While his record of published original research was modest, Fowler was widely respected for his prodigious knowledge of the flora of eastern North America. A maritime knotweed which he had first collected in New Brunswick in 1869 was named Polygonum fowleri in his honour by the Harvard botanist Benjamin Lincoln Robinson. Fowler’s meticulous and thorough work habits gave his identifications a high degree of reliability, and he was consulted especially on the naming of grasses and sedges. His student and eventual successor at Queen’s, William Thomas MacClement, noted that he “did not thrust himself or his work on the attention of the world. A man of greater modesty and less self-assertion could scarcely be found.” He was awarded two honorary degrees, ma (1872) and lld (1900), by the University of New Brunswick, and was elected to the Royal Society of Canada in 1891. That year he was invited to give the inaugural address at the opening of the Queen’s theological faculty, an acknowledgement of his stature in the Presbyterian community, and of his exceptional command of classical Hebrew, Greek, and Latin.
About 1904 Fowler began to experience significant memory loss. This progressed rapidly following his retirement at age 77. He remained physically active for many years, but soon recognized no one but his daughter Eliza Annie Law Fowler, who cared for him until his death at age 93. During the next half-century the emphasis in botany at Queen’s shifted to physiology, and the herbarium was neglected. It was revived and named the Fowler Herbarium in 1965, and since then has assumed an important role in modern research on plant systematics and conservation.
James Fowler’s reports as curator of the museum were published in the Queen’s Quarterly (Kingston, Ont.) from 1893–94 to 1905–6. His other publications include: “List of New Brunswick plants,” N.B., Secretary for agriculture, Report (Saint John), 1878, app.B: 35-63; “Additions to the list of New Brunswick plants [continued from last year’s report],” N.B., Secretary for agriculture, Report, 1879; “Geology of the Maritime provinces” and “Useful minerals of the Maritime provinces,” in F. B. Roe, Atlas of the Maritime provinces of the Dominion of Canada . . . (Saint John and Halifax, 1879), 8-13 and 13-14; “Preliminary list of the plants of New Brunswick,” N.B., Natural Hist. Soc., Bull. (Saint John), no.4 (1885): 8-84; “Arctic plants growing in New Brunswick, with notes on their distribution,” RSC, Trans., 1st ser., 5 (1887), sect.iv: 189–205; “Vegetable physiology,” Queen’s Quarterly, 3 (1895–96): 199–208; “How plants use animals: a chapter in ecology,” Queen’s Quarterly, 6 (1898–99): 188–203; “Report on the flora of St. Andrew’s, N.B.,” Contributions to Canadian Biology (Toronto),  (1901): 41–48; and “Report on the flora of Canso, Nova Scotia,” Contributions to Canadian Biology,  (1902–5): 59–70.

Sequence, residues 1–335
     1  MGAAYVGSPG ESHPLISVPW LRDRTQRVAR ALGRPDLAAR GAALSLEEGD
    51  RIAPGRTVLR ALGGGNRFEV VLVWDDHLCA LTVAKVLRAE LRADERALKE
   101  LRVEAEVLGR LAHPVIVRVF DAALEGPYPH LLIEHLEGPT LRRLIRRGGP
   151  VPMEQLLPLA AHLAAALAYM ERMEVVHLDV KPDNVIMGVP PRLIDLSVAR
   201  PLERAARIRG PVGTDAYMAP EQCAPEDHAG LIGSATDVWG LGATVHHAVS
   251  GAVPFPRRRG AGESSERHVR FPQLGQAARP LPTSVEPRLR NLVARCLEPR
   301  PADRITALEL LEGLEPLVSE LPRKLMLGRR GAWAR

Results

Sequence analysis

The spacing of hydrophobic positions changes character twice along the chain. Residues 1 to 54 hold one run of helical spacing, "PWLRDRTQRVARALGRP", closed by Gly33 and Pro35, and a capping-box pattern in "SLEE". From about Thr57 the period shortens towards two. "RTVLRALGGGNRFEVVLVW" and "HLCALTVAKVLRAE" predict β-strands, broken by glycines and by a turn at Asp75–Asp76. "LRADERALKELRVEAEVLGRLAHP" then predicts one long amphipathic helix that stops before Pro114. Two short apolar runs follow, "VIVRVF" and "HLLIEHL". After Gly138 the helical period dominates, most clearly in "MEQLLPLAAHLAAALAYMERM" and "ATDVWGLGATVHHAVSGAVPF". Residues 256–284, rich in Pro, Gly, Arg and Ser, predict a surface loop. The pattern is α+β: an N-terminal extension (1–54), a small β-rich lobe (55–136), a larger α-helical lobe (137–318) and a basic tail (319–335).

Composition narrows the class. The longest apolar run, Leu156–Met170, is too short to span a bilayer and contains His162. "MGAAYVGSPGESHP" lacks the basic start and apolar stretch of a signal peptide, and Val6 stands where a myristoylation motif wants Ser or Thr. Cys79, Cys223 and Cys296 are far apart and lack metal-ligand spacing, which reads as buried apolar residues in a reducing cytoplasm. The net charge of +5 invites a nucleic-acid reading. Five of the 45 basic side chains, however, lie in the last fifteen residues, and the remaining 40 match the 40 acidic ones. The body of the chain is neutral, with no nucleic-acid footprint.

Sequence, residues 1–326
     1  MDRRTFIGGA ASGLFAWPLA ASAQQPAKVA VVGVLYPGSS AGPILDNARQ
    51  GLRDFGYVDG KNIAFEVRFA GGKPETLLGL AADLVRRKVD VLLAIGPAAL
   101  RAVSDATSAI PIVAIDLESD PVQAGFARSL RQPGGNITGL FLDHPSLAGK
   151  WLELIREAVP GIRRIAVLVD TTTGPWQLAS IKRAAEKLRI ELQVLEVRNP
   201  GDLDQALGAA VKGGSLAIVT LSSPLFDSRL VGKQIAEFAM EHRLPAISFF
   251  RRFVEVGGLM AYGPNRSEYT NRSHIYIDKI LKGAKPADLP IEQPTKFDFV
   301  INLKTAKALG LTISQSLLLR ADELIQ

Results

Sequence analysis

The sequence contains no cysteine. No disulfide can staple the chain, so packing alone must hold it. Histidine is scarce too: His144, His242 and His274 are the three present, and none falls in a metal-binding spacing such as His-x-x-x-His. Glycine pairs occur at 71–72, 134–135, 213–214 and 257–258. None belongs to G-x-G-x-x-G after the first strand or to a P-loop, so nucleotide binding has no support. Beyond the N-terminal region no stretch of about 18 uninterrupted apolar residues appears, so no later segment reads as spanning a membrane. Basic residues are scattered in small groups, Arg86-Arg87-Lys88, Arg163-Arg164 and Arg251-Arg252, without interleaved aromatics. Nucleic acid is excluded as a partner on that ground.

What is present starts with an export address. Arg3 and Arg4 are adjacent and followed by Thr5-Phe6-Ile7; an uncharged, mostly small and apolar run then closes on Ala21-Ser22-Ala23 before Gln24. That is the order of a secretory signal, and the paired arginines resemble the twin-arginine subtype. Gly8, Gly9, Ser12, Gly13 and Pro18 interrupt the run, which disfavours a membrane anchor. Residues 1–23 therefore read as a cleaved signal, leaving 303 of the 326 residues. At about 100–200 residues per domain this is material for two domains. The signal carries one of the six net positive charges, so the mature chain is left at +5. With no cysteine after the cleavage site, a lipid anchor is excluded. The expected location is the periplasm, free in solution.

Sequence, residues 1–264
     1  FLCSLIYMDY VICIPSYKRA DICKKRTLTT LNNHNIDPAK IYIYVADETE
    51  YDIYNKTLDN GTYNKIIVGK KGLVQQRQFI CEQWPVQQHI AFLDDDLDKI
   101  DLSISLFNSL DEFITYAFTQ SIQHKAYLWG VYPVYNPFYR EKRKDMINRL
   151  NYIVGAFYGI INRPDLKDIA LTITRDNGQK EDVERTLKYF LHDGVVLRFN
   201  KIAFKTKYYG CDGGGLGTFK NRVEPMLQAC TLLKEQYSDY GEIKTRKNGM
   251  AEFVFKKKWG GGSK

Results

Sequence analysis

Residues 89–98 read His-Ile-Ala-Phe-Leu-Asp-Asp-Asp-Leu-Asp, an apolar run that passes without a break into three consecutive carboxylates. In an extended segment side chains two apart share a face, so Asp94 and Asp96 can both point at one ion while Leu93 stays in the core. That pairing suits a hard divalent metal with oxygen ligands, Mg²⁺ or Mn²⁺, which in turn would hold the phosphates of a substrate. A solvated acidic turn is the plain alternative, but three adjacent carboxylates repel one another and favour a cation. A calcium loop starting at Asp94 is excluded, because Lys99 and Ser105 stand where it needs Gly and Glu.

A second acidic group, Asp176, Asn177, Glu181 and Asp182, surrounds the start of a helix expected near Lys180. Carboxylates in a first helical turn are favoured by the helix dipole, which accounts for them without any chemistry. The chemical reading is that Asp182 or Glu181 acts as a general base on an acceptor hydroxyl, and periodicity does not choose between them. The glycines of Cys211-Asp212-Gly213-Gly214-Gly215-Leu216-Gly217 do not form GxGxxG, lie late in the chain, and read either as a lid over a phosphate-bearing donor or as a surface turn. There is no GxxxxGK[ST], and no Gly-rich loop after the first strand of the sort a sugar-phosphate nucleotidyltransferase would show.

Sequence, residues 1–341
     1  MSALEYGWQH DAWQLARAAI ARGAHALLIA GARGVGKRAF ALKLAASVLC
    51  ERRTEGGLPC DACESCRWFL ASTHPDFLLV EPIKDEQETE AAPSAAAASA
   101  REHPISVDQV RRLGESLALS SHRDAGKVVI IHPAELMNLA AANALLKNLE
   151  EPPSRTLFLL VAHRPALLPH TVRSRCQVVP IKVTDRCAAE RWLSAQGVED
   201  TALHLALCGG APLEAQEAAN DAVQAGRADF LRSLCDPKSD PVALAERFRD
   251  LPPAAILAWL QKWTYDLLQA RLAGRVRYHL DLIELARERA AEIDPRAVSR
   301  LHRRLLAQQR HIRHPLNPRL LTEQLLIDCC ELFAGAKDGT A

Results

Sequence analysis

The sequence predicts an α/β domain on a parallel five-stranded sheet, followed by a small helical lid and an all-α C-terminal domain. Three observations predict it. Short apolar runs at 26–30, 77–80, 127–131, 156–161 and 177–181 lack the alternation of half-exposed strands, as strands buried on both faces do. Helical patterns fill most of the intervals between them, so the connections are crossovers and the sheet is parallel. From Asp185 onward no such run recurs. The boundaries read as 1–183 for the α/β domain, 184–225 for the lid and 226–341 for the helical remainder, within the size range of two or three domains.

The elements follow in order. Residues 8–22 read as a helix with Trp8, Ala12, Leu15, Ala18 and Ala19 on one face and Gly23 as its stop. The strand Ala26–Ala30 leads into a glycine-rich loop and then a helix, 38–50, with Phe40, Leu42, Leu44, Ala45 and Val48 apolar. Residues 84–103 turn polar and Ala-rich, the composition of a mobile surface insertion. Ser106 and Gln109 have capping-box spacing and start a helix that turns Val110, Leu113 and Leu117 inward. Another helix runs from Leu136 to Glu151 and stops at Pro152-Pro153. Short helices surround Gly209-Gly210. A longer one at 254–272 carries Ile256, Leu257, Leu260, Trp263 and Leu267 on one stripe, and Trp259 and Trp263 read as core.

Buffalo Soc. of Natural Sciences Arch. (Buffalo, N.Y.), Papers of George William Clinton, Fowler to Clinton, 25 July 1865–22 Feb. 1879. Library of the Gray Herbarium Arch., Harvard Univ. (Cambridge, Mass.), Historic letter coll., Fowler to Asa Gray, 12 Oct. 1870–22 May 1880. N.B. Museum (Saint John), W. F. Ganong fonds, Fowler to L. W. Bailey, 8 June 1865; 28 Jan., 23 Feb., 27 Sept. 1867; 27 April, 18 May, 8 Dec. 1869; Fowler to G. F. Matthew, 10 Dec. 1866; Fowler to Ganong, 6 June 1904; W. T. MacClement to Ganong, 3 Jan. 1918. Private arch., G. F. MacMillan (Bathurst, N.B.), Geneal. of the Fowlie family. QUA, Office of the University Secretariat fonds, Queen’s Letters ser., James Fowler, application and testimonials, 1880, locator no.1244. Daily Telegraph (Saint John), 17 Sept. 1880. R. E. Beschel, A history of the biology department and the Fowler Herbarium of Queen’s University, summarized for the opening of Earl Hall on May 19, 1966 ([Kingston, 1966]) (copy at QUA, Dept. of biology fonds); “Presenting: some early history of the biology department,” Queen’s Rev. (Kingston), 40 (1966): 92–99. Bernard Boivin, Survey of Canadian herbaria (Quebec, 1980), 86. Canadian men and women of the time (Morgan; 1912). A. A. Crowder, “The collection of bryophytes in the Fowler Herbarium, Queen’s University, Kingston, Ontario,” Canadian Field-Naturalist (Ottawa), 88 (1974): 47–55. W. D. Hamilton, Dictionary of Miramichi biography; biographical sketches of men and women born before 1900 who played a part in public life on the Miramichi: Northumberland County, New Brunswick, Canada (Saint John, 1997), 130–31. W. T. MacClement, “‘The makers of Queen’s’: James Fowler, m.a., ph.d., f.r.s.c.,” Queen’s Rev., 2 (1928): 2–4. D. P. Penhallow, “A review of Canadian botany from 1800 to 1895, part ii,” RSC, Trans., 2nd ser., 3 (1897), sect.iv: 1–56. B. L. Robinson, “The New England Polygonums of the section Aviculare,” Rhodora (Boston and Providence, R.I.), 4 (1902): 65–73. B. N. Smallman et al., Queen’s biology: an academic history of innocence lost and fame gained, 1858–1965 (Kingston, 1991). Who’s who (London), 1912.